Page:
In this time, mobile phones have become commonplace, having your own email address and finding services over the internet is standard behaviour even if people are rather hesitant about e-commerce. Hardly anyone is aware that mobile phones' locations are continuously tracked and stored, that emails are easier to "eavesdrop" than postcards and that unsolicited commercials are not by far the worst thing that can happen to you after a carefree frolic of leaving data traces on the internet.
To call for an "educated consumer" is not enough. Reacting only when a particular abuse of data has happened will not do for a considered response. It takes critical observation of developments (like the omnipresence of surveillance cameras, practices like merging databases from different sources, collecting and evaluating user profiles, the address trade etc.) and raising the alarm when dubious uses of technology can be seen lingering on the horizon. And it requires informing consumers in an appropriate way. Many believe that data protection will not affect them ("I don't care", "I've got nothing to hide", "if it improves security, so be it"). Some method must be found to communicate potential dangers through the media in an appealing way.
The Big Brother Awards make the abstract topic of data protection interesting and give it public profile. Issues become tangible and understandable as concrete examples are pointed out. This is confirmed by the large response in the public and the wide media coverage achieved by the first German Big Brother Awards in October 2000.
Digitized and Sold Out: Democracy
Information processing that deprives people of the knowledge which data is collected about them at which point is not only an infringement of individual rights, it is also inconsistent with a democratic society based on the rule of law. People who are constantly observed, registered, marketed and accompanied by specially tailored suggestions and commercial offerings will change their behaviour over time to match with the expectations of those data-processing institutions in the background. The means of individualized manipulation and the pressure to adapt with the factual world lead to increased external control. This endangers fundamental principles of human rights laid down e.g. in the German constitution: human dignity and the right to free development of the personality.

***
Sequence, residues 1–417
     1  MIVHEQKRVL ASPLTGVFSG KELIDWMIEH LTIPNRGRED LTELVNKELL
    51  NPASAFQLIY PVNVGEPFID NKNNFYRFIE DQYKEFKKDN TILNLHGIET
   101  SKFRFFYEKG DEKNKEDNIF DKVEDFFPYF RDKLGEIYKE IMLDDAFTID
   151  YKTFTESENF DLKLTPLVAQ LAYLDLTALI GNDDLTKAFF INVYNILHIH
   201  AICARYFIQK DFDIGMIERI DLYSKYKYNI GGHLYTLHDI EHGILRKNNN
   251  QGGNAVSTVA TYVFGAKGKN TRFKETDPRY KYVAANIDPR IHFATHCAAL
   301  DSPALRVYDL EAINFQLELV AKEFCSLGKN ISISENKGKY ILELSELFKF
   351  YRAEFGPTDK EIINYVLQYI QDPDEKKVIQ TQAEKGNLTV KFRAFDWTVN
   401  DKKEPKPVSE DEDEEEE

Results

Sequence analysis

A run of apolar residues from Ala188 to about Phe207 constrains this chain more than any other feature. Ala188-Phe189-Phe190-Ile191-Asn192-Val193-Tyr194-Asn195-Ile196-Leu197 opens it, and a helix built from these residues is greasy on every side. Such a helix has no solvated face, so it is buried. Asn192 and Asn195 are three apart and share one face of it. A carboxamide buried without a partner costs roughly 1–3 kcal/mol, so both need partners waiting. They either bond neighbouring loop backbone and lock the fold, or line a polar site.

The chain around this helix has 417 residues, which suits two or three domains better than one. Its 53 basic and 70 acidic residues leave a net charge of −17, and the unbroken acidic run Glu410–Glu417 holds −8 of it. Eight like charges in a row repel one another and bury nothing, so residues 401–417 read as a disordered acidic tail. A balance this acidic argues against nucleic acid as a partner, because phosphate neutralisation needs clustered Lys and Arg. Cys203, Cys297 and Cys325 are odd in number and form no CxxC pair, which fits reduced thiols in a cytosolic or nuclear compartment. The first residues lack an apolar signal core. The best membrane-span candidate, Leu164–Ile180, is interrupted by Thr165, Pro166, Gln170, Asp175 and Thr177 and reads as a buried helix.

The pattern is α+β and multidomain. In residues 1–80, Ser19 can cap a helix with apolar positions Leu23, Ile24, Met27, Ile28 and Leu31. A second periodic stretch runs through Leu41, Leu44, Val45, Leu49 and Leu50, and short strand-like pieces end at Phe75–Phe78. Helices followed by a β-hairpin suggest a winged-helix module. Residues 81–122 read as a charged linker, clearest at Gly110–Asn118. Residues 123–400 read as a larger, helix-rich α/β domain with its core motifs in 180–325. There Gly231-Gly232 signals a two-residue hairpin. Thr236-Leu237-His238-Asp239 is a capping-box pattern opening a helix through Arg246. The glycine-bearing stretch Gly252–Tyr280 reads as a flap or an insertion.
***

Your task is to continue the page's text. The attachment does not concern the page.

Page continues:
People who feel observed in such a way will perhaps avoid using other fundamental rights like the right to free speech or free assembly. Thus the loss of informational self-determination can destroy the ability of free communication and participation. A wealth of ideas, opinions and talents is lost to the community. And so is the interest in issues that go beyond what immediately affects the individual.
What's at stake is therefore not just your own private sphere of interest, which you are free to negotiate individually and possibly give away at your own choice. Increasingly the issue lies in the fundamental rights that are not negotiable but indispensable for the common good and the continued existence of democracy.
These conclusions have been made by the German constitutional court as early as the 15 Dec 1983 in its "Census judgement":